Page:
Internal investigations involve more than clarifying the facts relevant to criminal offences to protect an organisation. A proper investigation of critical issues is often the correct approach where they fall far short of possible criminal liability. Focused planning of investigations influences the quality of the results as well as their legal usability.
Internal investigations are conducted more and more frequently in organisations and have become part of everyday management practice. The reasons for investigations can vary in type and severity, from a bad atmosphere in a team, to accusations of discrimination or criminal offences.
A working compliance structure, a whistleblower system or the public prosecutor appearing at your door can reveal that a matter needs to be clarified. In these cases, internal investigations must be planned and structured.
There are currently no concrete legal requirements for the implementation of investigation measures. A draft Corporate Sanctions Act contained regulations on internal company investigations and on employee interviews. However, it failed to be passed during the last legislative period. According to the new government coalition agreement, the issue will be taken up again and a precise legal framework for internal investigations is to be created.
Nevertheless, an internal investigation does not take place in a ‘lawless’ space. Various regulations have to be taken into account; for example, regulations on protection against dismissal, worker participation and data protection must be complied with. Given this background, what needs to be considered during planning?
First, it is important to determine what will be gained from the investigation. Should the results lead to a report to the executive or supervisory board? Does the investigation serve to prepare or support official audits? Is it being undertaken to uncover misconduct by employees that may result in labour law sanctions? Is the investigation intended to show the staff that an issue is recognised and taken seriously?
Do things have to be done quickly and do results have to be available by a certain date? Is it important that the timing of a pending transaction should not be affected? Has an authority announced an audit? Does evidence need to be secured?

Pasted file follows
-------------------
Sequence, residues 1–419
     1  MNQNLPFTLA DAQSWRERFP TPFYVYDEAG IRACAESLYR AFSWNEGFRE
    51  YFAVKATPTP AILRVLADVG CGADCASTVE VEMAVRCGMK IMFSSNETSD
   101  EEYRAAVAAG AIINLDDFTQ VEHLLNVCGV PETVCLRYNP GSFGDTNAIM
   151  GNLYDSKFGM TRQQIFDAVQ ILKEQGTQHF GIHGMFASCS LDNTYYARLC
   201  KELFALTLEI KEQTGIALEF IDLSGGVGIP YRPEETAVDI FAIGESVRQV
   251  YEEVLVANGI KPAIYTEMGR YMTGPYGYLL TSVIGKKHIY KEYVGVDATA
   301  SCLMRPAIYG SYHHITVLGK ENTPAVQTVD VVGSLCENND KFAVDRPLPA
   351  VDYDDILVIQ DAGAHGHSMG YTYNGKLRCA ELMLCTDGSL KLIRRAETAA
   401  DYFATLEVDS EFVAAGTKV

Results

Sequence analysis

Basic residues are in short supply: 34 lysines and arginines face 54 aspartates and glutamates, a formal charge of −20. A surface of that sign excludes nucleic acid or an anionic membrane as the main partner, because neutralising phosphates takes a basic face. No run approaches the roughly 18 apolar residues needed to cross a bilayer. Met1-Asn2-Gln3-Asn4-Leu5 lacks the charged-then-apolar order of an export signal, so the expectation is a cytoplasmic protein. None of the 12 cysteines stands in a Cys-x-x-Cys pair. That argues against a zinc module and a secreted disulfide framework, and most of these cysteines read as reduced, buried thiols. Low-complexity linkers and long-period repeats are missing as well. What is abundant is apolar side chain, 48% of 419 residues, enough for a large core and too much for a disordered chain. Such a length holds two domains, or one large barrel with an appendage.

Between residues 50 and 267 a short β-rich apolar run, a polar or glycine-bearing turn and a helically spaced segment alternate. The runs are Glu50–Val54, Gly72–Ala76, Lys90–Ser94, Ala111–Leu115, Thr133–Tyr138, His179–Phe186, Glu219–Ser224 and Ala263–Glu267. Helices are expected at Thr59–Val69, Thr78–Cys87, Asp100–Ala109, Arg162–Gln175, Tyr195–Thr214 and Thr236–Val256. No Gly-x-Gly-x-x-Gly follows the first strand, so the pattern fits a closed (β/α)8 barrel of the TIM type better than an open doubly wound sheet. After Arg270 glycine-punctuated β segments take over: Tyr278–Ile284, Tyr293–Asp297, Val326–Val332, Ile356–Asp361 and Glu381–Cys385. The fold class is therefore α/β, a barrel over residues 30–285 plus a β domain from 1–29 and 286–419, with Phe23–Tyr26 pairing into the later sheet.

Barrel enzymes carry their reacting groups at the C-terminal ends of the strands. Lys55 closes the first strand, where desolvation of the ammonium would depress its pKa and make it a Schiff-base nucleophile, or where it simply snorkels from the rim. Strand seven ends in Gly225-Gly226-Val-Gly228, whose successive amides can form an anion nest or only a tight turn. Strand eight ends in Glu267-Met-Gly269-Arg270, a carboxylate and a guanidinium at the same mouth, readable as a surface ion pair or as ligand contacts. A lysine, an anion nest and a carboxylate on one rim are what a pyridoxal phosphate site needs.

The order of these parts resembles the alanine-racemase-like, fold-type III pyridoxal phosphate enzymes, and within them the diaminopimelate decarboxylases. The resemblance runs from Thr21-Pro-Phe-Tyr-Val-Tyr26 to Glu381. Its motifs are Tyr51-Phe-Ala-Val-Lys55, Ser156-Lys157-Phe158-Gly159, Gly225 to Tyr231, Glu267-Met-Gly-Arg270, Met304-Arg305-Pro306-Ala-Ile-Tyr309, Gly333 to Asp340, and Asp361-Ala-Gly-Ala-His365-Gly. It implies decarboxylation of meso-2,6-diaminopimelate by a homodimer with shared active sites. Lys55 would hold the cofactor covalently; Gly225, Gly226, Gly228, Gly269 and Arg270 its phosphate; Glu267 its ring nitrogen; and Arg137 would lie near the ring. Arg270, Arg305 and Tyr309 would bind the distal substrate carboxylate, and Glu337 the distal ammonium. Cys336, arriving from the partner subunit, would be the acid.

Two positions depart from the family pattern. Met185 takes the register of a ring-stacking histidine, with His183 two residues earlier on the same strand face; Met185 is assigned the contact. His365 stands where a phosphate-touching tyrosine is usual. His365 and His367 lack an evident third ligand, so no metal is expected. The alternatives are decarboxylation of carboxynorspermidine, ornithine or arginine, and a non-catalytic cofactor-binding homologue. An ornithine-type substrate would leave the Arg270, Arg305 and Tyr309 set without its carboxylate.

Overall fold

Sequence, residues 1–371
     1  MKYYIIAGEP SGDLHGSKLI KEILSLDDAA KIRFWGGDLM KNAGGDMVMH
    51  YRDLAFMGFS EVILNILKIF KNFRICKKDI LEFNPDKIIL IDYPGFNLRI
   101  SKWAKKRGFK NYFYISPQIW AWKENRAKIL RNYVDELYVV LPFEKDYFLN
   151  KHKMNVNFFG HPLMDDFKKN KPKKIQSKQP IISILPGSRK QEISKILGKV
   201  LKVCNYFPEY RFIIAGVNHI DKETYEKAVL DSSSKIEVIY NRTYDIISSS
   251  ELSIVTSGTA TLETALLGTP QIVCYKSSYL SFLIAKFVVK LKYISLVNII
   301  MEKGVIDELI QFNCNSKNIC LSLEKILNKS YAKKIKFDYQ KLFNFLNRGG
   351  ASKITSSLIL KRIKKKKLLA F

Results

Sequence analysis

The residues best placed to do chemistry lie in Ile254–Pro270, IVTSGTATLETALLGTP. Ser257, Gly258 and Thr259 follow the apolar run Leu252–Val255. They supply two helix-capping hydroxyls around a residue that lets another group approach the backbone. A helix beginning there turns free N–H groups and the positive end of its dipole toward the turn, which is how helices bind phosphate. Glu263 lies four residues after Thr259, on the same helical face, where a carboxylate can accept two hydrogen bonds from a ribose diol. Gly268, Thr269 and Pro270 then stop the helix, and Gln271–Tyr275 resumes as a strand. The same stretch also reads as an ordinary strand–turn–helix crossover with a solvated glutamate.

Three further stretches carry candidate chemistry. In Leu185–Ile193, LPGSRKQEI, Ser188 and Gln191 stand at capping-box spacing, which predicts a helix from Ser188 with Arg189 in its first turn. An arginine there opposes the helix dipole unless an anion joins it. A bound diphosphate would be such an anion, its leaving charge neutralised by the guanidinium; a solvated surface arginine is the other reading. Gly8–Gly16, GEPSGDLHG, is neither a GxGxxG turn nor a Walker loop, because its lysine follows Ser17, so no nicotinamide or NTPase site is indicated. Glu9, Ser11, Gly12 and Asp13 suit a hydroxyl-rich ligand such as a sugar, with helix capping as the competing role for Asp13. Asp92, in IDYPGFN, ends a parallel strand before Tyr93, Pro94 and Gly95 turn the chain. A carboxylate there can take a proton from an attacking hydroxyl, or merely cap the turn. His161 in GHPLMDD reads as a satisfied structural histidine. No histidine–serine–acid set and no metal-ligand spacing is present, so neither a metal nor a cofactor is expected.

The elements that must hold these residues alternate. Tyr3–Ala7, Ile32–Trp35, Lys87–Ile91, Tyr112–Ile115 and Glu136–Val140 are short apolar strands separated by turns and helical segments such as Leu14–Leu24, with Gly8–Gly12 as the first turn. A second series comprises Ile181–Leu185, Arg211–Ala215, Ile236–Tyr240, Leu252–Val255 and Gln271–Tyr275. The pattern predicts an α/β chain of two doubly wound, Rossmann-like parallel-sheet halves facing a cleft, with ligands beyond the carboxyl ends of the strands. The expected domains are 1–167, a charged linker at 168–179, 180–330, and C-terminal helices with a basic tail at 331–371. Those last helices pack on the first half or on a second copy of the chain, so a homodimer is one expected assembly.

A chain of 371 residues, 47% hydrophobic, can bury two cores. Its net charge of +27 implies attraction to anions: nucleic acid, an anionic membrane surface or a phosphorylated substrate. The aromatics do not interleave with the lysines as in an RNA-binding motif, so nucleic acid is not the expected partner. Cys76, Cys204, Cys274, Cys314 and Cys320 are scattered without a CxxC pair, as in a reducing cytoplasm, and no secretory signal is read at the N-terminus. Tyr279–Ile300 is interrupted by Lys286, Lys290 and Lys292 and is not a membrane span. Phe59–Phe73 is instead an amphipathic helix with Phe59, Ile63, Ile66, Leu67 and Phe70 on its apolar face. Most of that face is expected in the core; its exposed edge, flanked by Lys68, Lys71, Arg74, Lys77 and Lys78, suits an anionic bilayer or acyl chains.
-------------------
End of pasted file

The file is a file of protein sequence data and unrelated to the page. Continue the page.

When it comes to breaches of duty by employees, the two-week notice period must be kept in mind when issuing termination for cause.
The organisation must decide who should carry out the investigations and individual investigative steps. If it uses its own staff, the question arises which department should take the lead: compliance, audit, HR, management?
Here it is relevant whether special know-how is required for the topics under investigation, as well as who is the focus of the investigation. It may make sense to bring in external advisors for support. For example, lawyers can prepare employee interviews, be present at them or lead them. Forensic examination of technical devices usually requires professional assistance, which at the same time keeps an eye on data protection and usability. It is essential that a decision on responsibility is made and roles are clearly assigned.
The conduct of internal investigations can trigger works council participation rights, ranging from the right to information to the right to consent. For this to be the case, there must be a collective issue, which is more likely to be the case if the subject of the investigation is behavioural rather than purely work-related issues, and the more employees are affected. This must be assessed on a case-by-case basis.
Employee interviews are obvious investigative measures. Before a first interview, it is important to determine who should be interviewed as well as who should not be interviewed (initially). A defined order is almost always useful. A catalogue of questions and a roadmap for conducting the interviews should be worked out in advance.
The interviewer is of particular importance in staff interviews. Tactics and appropriate sensitivity in interviews can significantly influence the process and the findings. It is unwise to assume that the organisation’s own employees will turn out to be talented interrogators. For in-house interviewers, the situation can be uncomfortable, especially when the investigation relates to sensitive issues such as allegations of sexual harassment. With this in mind, it is important to give serious consideration to the decision on who will conduct the interview.
Internal investigations can be an unfamiliar and resource-heavy process. Good planning and a structured approach are the keys to success. Mistakes can affect the quality of results and their legal usability. Successfully conducted investigations, on the other hand, provide a strong basis for dealing with problems that are uncovered.